The first study of the disorders that shook all the defeated states of Europe following World War I.
For the nations that lost the war, the fighting did not end with the armistice in November 1918. On the contrary, Gerwarth (Modern History/Univ. College, Dublin; Hitler's Hangman: The Life of Heydrich, 2011, etc.) asserts that between 1918 and 1923, postwar Europe was "the most violent place on the planet." Russia, of course, was swept up in its own revolution and civil war. While the victors connived in Paris to reorganize a continent previously dominated by land empires into one composed of nation-states, from the Baltic to the Caucasus, the territories of the collapsed Austro-Hungarian, German, and Ottoman empires were torn by civil wars and revolutions of their own and by interstate wars like the ill-advised Greek invasion of Turkey in 1919. As a result, writes Gerwarth, "none of the defeated states of the Great War managed to return to anything like pre-war levels of domestic stability and internal peace." Although the 1923 Conference of Lausanne ended the Greco-Turkish conflict and marked the exhaustion of this spasm of violence, the author contends that it laid the foundation for later ethnic cleansing because it "established the legal right of state governments to expel large parts of their citizens on the grounds of 'otherness.' It fatally undermined cultural, ethnic and religious plurality as an ideal.” In this extensively researched and crisply written account, Gerwarth explores the political and military upheavals throughout central Europe, including those in unfamiliar nations like Bulgaria and radically dismembered Hungary. The author’s consistent focus on national governments, paramilitary groups like the various German Freikorps, and statistical counts of victims of violence and famine at the expense of personal experiences of ordinary people caught up in the chaos sometimes renders the narrative a little dry, but it is certainly authoritative.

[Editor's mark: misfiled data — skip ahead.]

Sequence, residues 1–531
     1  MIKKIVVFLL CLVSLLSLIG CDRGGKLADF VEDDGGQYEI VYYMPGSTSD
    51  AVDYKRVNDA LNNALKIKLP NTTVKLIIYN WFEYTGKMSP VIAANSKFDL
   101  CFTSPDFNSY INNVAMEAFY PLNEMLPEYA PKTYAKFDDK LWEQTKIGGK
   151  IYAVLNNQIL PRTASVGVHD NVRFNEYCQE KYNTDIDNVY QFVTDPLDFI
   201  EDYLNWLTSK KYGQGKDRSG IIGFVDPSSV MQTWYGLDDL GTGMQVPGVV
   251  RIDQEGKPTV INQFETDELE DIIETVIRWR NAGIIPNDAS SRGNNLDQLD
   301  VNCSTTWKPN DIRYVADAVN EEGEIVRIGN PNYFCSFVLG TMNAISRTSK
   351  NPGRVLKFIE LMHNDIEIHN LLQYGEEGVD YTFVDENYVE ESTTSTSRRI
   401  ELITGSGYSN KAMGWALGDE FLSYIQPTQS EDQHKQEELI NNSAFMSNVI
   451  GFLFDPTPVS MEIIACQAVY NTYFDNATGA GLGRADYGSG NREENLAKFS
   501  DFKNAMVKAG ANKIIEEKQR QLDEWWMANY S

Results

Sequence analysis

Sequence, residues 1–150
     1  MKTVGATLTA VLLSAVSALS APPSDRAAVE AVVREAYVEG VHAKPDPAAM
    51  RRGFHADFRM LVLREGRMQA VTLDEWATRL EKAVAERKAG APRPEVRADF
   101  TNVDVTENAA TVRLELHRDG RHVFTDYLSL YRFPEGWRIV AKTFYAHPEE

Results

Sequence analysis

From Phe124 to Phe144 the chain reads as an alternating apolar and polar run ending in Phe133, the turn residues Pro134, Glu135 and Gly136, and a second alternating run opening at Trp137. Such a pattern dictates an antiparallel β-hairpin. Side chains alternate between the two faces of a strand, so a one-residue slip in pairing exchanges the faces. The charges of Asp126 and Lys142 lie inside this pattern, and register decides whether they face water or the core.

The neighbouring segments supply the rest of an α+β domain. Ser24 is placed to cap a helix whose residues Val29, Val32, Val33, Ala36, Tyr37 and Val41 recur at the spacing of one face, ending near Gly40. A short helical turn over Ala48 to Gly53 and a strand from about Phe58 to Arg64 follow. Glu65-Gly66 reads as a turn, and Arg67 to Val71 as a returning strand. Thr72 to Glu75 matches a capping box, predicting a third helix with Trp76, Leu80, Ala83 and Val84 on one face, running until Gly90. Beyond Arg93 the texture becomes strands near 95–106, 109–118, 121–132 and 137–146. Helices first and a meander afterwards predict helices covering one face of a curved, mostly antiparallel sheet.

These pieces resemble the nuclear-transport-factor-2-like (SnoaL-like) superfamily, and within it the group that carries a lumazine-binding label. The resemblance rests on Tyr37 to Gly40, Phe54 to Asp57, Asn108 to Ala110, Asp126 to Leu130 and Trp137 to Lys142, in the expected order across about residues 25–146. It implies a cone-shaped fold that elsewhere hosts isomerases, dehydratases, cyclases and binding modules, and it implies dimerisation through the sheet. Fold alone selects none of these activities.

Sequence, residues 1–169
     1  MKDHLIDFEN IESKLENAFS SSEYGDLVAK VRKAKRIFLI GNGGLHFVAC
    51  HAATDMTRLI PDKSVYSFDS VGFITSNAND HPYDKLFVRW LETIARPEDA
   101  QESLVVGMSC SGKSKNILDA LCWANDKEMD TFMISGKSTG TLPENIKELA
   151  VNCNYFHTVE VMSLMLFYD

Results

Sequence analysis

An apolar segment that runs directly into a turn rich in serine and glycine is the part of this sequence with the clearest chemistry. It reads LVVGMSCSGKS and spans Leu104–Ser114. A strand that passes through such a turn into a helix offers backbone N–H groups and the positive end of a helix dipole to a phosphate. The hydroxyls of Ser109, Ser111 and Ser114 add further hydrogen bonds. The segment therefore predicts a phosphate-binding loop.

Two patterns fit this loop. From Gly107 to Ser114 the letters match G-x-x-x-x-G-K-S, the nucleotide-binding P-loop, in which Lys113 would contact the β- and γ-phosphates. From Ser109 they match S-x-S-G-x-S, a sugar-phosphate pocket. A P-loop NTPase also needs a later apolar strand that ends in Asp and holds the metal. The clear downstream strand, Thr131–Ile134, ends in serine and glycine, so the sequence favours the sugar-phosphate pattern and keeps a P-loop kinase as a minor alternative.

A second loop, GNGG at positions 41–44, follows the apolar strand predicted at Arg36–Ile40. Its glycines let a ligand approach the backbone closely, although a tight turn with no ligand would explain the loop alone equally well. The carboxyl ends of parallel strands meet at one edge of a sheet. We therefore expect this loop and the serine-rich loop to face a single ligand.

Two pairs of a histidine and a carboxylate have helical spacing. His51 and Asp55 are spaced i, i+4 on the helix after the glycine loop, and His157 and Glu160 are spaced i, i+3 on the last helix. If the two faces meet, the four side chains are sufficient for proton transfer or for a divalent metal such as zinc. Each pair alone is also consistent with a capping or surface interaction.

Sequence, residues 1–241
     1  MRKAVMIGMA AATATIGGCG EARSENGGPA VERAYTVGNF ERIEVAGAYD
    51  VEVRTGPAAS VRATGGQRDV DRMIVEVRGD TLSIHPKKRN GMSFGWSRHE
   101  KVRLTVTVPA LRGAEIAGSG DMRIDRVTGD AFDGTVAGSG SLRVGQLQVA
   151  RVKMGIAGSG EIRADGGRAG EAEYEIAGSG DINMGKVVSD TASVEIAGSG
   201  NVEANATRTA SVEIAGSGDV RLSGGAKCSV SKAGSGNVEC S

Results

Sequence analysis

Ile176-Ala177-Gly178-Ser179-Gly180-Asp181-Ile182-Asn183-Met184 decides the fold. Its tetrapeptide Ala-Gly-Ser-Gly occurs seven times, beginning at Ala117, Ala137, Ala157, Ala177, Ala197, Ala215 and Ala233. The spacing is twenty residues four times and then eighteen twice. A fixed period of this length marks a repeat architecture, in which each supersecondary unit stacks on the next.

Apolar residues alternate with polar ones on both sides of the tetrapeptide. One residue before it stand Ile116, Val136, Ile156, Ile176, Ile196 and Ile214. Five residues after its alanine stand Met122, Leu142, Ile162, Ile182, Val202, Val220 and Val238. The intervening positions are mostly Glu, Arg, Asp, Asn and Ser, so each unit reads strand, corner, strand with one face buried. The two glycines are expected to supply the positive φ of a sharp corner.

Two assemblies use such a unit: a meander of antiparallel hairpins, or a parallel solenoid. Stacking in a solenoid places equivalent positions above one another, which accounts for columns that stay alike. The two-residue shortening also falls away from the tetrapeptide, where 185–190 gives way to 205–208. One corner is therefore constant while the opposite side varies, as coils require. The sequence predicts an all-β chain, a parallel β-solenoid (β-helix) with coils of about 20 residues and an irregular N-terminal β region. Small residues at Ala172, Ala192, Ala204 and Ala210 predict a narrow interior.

A thorough explanation for the rise of the nationalist and fascist groups who set the stage for World War II.